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59

I could not find any evidence pointing towards homomorphic encryption. What I could find were different combinations of deterministic and format preserving encryption. There is probably also a variant that preserves order, but I couldn't find any material depicting it. This post is based on material published on the CipherCloud website at CipherCloud Cloud ...


23

I don't think they have implemented homomorphic encryption at all. They have just implemented regular AES encryption (they have a FIPS 197 certificate for their AES), but in what appears to be a very insecure way. Why would they choose to do that? Because they had no choice. Here's what I mean: The challenge for cloud encryption providers like CipherCloud ...


21

My recommendation: No, you should not trust CipherCloud. Justification: Yes, there has been analysis of the CipherCloud system -- some of it right here on the Cryptography StackExchange. That analysis found what appear to be severe vulnerabilities in the CipherCloud system. Unfortunately, CipherCloud has apparently sent StackExchange a DMCA takedown ...


20

I haven't posted in a while, so long in fact that the email tied to my Stack Exchange account is no more, I forgot my StackEx password, and I had to create a new account. (I'll leave it to the reader to decide if this is the real me.) But I did want to just to follow up here, because there were some unanswered questions from my last post and the follow-up ...


17

They are not using any exotic encryption. In fact, based on data, it appears it's just 1:1 mapping (tokenization) after lowering the case on plain text data. I don't know about others but to me this pattern just stood out when I had a look at the demo video. To see it yourself, check their publicly visible demo video. Hit HD, go full screen to 2:19. You will ...


11

I also watched the video (thanks Sid, for the link) and after looking at it, it reveals some of the other methods that Ciphercloud appears to be using to preserve search. Nothing appears to be an implementation of any sort of homomorphic encryption. I snapped a copy of one screen after the response from John is entered and encrypted, and have attached an ...


10

I don't know how CipherCloud works. However, a related question is: How could you encrypt data in a database, in a way that allows you to achieve these goals? What are the best cryptographic techniques currently known, for that goal? As it happens, that question has a good answer. Take a look at CryptDB, a system built by MIT researchers to encrypt all ...


10

Looking at the MSDN link given by Tangurena, they use the word salt in this paragraph (and the following ones): To prevent discovery of plain text content by comparing encrypted values (the second attack), most encryption algorithms include a salt value. Specifying a different salt value generates a very different encrypted output. When using the ...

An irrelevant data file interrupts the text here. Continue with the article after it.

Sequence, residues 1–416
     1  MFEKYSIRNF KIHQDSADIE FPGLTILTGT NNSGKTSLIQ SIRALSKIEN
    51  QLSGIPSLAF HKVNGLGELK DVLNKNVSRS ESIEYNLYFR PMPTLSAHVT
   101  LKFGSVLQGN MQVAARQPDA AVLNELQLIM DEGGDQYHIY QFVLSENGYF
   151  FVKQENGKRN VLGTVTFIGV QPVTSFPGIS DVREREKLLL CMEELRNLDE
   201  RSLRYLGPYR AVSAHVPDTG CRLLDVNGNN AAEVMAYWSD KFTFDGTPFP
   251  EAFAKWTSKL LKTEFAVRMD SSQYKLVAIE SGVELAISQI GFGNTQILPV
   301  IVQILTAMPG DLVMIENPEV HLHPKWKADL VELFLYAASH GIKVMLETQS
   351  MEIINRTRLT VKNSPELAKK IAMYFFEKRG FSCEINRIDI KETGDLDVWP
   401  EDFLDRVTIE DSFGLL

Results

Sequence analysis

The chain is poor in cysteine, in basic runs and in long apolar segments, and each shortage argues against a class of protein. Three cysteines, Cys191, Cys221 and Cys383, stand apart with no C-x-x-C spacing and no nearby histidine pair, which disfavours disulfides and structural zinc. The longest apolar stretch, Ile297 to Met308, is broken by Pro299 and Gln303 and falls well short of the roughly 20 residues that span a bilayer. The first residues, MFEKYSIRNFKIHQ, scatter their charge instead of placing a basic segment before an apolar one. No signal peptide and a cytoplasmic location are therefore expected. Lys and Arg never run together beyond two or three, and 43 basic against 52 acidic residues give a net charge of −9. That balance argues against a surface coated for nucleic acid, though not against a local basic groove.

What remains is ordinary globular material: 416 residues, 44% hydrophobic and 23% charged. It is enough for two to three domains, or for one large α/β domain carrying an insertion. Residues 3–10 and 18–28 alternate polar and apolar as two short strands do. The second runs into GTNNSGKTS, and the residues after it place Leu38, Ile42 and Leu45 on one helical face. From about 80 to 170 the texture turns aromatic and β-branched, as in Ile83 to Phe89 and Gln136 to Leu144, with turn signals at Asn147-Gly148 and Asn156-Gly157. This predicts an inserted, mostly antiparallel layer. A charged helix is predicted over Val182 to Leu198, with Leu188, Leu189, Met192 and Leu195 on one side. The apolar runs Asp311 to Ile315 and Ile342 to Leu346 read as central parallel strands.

9

This is not a limitation of the cryptographic functions, like SHA or PBKDF, since the zero byte isn't processed any differently. Since the purpose of a salt is generally to travel alongside a human password, libraries that handle the password as a zero-terminated string might also handle the salt as such a string. Obviously, a 0x00 in the salt would ...


8

CipherCloud's website now clearly states, here, that CipherCloud DOES NOT use homomorphic encryption. This also states that CipherCloud DOES NOT implement 1:1 mapping or ECB mode in any customer deployment. Other statements are next to acknowledging that CipherCloud's early demos did that, citing the will to illustrate the functionality, features that where ...


7

Using a static IV isn't simply "poor form" — it introduces crippling weaknesses to the security of your ciphertexts. Likewise, using correctly-generated IVs (the requirements differ from mode-to-mode, but cryptographically random IVs almost always meet those requirements) isn't "better"; it's absolutely necessary. That said, there is absolutely no ...


6

If you go through the math, it appears that exactly the expected amount of ciphertext expansion is happening. Here's what's happening: The GCM takes the plaintext as a byte string of size N, and generates a ciphertext which is a byte string of size N+28, where 12 of the 28 is the nonce, and the other 16 is the authentication tag. Then, that octet string ...


5

What you are proposing in effect means that you use a not-really-random one-time-pad, which is used twice (i.e. a two-times-pad). This is not secure. Using a single hash to generate a key from a password is a bad idea - especially if the password is short, it is easy to brute-force it (i.e. try lots of passwords). Using the simple XOR cipher to encrypt a ...


5

Let's try to avoid random per-password salts. If the only requirement for salt is to be unique, which is the case for good password hashing schemes, you'll need: $globalSalt$ is a secret random 32-byte string. $userId_n$ is a unique user identifier. You can use, for example, $HMAC$-$SHA256(globalSalt, userId_i)$ to generate salt for each user $i$. Or, ...


5

Unfortunately, without some additional assumptions about the strings (e.g. that the first 8 bytes are unique), there is no way to reduce the chance of collision below the usual chance levels. If you need unique 64-bit ids, the options are: Do a database lookup when generating keys and pick another key if it is already in use (you state that you want to ...